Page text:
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Bernhard Mayr, Rolf Buslei, Marily Theodoropoulou, Günter K Stalla, Michael Buchfelder, and Christof Schöfl

Objective

GH-producing pituitary adenomas display two distinct morphological patterns of cytoplasmic GH-containing secretory granules, namely the densely and sparsely granulated somatotroph adenoma subtype. It is unknown whether these morphological variants reflect distinct pathophysiological entities at the molecular level.

Methods

In 28 GH-producing adenoma tissues from a consecutive set of patients undergoing pituitary surgery for acromegaly, we studied the GH granulation pattern, the expression of somatostatin receptor subtypes (SSTR) as well as the calcium, cAMP and ZAC1 pathways in primary adenoma cell cultures.

Results

The expression of GSP oncogene was similar between densely and sparsely granulated somatotroph adenoma cells. There were no differences in the calcium, cAMP and ZAC1 pathways as well as in their regulation by SSTR agonists. SSTR2 was exclusively expressed in densely but not in sparsely granulated tumours (membrane expression 86 vs 0%; cytoplasmic expression 67 vs 0%). By contrast, expression of SSTR5 was only found in sparsely but not in densely granulated somatotroph adenomas (membrane expression 29 vs 0%; cytoplasmic expression 57 vs 0%).

Conclusions

Our results indicate that different granulation patterns in GH-producing adenomas do not reflect differences in pathways and factors pivotal for somatotroph differentiation and function. In vitro, the vast majority of both densely and sparsely granulated tumour cells were responsive to SSTR activation at the molecular level. Sparsely granulated adenomas lacking SSTR2, but expressing SSTR5, might be responsive to novel SSTR agonists with increased affinity to SSTR5.

Free access

Caroline Sievers, Jens Klotsche, Lars Pieper, Harald J Schneider, Winfried März, Hans Ulrich Wittchen, Günter K Stalla, and Christos Mantzoros

Objective

Although associations between testosterone and cardiovascular (CV) morbidity in women have been proposed, no large prospective study has evaluated potential associations between testosterone and mortality in women. The objective was to determine whether baseline testosterone levels in women are associated with future overall or CV morbidity and mortality.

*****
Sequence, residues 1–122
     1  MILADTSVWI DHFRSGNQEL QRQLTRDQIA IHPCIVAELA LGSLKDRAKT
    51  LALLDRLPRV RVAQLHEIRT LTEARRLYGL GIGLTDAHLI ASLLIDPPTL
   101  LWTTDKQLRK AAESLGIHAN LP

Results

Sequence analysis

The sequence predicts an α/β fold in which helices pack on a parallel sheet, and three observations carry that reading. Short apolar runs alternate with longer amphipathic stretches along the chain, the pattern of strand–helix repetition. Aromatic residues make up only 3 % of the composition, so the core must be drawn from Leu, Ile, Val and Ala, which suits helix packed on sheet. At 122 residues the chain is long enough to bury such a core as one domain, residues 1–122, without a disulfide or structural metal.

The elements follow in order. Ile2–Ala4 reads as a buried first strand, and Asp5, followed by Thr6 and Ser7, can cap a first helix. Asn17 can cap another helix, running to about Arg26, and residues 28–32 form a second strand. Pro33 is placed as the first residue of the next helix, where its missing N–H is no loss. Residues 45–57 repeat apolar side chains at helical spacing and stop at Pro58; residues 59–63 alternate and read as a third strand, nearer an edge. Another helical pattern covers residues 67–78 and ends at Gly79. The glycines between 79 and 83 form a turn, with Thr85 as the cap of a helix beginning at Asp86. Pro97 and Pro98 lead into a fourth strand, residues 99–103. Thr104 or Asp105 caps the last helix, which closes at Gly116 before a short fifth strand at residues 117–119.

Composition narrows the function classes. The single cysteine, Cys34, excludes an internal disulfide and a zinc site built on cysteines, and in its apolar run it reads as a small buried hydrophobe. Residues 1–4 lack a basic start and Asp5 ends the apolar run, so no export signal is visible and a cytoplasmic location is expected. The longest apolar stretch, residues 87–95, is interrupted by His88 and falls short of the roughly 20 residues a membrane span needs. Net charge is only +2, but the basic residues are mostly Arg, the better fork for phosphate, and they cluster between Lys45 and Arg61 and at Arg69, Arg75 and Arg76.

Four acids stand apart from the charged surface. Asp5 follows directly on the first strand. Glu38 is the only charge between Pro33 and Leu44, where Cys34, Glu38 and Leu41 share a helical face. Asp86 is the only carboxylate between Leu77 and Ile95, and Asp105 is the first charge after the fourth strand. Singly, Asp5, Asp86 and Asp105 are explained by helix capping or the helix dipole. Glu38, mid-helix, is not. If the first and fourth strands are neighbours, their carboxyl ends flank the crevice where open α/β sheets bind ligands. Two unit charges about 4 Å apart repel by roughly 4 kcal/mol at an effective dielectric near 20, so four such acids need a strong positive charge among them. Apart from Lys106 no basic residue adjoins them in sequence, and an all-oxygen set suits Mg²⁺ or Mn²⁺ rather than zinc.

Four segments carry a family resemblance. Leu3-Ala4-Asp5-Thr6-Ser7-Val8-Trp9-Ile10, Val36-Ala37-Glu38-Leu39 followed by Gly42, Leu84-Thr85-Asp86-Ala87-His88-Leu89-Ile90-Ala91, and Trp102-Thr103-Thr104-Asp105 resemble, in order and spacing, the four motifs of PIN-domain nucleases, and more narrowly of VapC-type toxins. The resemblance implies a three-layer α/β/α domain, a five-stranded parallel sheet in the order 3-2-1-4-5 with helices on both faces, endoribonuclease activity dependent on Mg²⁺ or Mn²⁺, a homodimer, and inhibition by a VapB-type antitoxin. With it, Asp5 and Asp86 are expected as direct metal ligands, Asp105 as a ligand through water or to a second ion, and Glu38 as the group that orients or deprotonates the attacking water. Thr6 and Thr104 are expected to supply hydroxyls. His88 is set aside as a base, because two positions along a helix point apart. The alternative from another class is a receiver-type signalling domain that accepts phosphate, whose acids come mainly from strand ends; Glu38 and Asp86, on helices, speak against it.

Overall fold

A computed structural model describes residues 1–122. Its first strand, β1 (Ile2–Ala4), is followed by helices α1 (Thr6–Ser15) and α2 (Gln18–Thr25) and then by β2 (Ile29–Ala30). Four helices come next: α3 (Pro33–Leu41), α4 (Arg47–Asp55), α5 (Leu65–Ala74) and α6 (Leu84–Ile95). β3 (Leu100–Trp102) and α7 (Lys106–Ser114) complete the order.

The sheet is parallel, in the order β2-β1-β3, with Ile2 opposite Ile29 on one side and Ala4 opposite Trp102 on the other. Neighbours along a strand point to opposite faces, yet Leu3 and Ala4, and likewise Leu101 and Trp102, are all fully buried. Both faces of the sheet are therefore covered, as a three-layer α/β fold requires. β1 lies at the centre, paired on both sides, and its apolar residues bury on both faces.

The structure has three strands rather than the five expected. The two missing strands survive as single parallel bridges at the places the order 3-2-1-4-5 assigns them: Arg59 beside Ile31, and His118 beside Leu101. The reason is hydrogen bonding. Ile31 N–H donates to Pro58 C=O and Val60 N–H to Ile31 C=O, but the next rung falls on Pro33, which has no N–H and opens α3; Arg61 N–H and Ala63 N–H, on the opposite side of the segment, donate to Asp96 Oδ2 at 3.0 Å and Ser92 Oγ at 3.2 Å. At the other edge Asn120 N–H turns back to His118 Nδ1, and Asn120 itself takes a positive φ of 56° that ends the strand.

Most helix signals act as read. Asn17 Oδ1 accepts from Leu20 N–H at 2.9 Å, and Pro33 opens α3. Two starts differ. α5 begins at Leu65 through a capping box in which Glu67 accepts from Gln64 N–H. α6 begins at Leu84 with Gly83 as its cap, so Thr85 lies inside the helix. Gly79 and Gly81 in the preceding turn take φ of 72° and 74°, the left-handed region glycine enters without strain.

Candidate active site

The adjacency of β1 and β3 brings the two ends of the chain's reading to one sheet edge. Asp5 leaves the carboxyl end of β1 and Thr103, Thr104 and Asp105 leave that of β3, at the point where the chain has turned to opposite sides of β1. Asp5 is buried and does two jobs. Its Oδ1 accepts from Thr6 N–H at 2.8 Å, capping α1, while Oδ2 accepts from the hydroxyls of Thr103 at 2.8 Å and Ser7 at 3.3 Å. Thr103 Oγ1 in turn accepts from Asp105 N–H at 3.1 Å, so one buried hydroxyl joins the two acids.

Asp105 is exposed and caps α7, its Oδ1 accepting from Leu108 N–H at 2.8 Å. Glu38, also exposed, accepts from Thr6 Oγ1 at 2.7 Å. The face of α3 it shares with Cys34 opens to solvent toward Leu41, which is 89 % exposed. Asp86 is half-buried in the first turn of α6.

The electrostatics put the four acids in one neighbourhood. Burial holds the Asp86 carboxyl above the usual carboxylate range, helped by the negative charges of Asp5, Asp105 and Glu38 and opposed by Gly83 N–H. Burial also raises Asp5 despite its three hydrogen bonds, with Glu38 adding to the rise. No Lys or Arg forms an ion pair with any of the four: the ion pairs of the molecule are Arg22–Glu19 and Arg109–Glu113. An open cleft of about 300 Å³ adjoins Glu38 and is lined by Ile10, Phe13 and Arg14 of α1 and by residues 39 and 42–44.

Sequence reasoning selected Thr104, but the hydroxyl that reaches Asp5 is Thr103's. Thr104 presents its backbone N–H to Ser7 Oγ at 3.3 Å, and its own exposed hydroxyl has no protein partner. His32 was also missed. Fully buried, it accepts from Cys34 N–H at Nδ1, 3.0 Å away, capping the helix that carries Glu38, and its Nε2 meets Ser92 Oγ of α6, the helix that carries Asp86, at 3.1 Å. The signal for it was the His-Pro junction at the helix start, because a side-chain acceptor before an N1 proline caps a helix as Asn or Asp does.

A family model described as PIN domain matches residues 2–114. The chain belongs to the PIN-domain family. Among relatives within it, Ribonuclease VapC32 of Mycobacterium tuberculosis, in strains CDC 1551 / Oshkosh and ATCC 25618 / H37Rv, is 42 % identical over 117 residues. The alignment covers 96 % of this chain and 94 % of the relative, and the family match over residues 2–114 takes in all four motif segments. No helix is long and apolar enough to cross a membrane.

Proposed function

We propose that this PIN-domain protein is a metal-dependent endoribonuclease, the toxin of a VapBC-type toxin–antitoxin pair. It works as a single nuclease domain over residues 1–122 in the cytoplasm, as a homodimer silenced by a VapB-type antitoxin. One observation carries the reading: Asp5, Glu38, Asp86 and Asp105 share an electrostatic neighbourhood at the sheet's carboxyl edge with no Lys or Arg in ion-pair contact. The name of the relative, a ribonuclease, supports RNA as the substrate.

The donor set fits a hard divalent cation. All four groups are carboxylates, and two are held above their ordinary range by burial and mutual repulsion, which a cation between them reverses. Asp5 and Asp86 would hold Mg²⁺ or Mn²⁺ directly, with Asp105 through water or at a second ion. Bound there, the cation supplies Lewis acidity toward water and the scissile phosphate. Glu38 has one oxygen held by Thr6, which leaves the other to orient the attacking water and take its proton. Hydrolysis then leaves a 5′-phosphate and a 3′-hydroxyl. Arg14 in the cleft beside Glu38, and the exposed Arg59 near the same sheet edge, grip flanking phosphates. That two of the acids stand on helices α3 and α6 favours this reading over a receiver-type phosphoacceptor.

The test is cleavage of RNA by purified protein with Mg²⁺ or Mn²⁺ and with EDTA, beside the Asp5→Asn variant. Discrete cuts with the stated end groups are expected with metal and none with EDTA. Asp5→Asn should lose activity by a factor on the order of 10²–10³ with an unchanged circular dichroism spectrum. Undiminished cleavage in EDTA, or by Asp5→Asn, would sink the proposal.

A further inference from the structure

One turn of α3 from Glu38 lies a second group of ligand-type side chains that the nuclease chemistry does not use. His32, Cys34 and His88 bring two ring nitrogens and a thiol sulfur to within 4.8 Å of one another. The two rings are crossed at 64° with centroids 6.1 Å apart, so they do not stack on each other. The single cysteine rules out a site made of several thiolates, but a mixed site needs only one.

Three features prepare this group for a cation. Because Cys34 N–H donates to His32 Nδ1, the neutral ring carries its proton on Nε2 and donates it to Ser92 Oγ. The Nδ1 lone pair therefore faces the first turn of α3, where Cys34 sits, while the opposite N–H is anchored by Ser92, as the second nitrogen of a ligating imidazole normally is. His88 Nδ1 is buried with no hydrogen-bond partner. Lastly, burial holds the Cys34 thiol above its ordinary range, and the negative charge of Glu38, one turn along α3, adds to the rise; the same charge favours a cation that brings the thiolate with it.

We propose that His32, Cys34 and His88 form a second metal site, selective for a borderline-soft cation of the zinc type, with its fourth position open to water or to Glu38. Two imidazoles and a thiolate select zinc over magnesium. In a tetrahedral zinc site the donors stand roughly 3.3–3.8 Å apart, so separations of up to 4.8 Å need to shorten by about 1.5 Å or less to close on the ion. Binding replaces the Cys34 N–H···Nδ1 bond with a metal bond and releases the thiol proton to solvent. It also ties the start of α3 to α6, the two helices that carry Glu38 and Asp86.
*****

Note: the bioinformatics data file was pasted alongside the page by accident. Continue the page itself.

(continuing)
Design

Prospective cohort study with a 4.5-year follow-up period.

Methods

From a representative sample of German primary care practices, 2914 female patients between 18 and 75 years were analyzed for the main outcome measures: CV risk factors, CV diseases, and all-cause mortality.

Results

At baseline, the study population was aged 57.96±14.37 years with a mean body mass index of 26.71±5.17 kg/m2. No predictive value of total testosterone for incident CV risk factors or CV diseases was observed in logistic regressions. Patients with total testosterone levels in the lowest quintile Q1, however, had a higher risk to die of any cause or to develop a CV event within the follow-up period compared to patients in the collapsed quintiles Q2–Q5 in crude and adjusted Cox regression models (all-cause mortality: Q2–Q5 versus Q1: crude hazard ratios (HR) 0.49, 95% confidence interval (CI) 0.33–0.74; adjusted HR 0.62, 95% CI 0.42–0.939; CV events: Q2–Q5 versus Q1: crude HR 0.54, 95% CI 0.38–0.77; adjusted HR 0.68, 95% CI 0.48–0.97). Kaplan–Meier curves revealed similar data.

Conclusions

Low baseline testosterone in women is associated with increased all-cause mortality and incident CV events independent of traditional risk factors.

Free access

Massimo Terzolo, Soraya Puglisi, Giuseppe Reimondo, Christina Dimopoulou, and Günter K Stalla

The literature on an association between acromegaly and cancer is particularly abundant on either colorectal cancer or thyroid cancer, and an endless debate is ongoing whether patients with acromegaly should be submitted to specific oncology screening and surveillance protocols. The aim of the present work is to review the most recent data on the risk of either colorectal cancer or thyroid cancer in acromegaly and discuss the opportunity for specific screening in relation to the accepted procedures in the general population.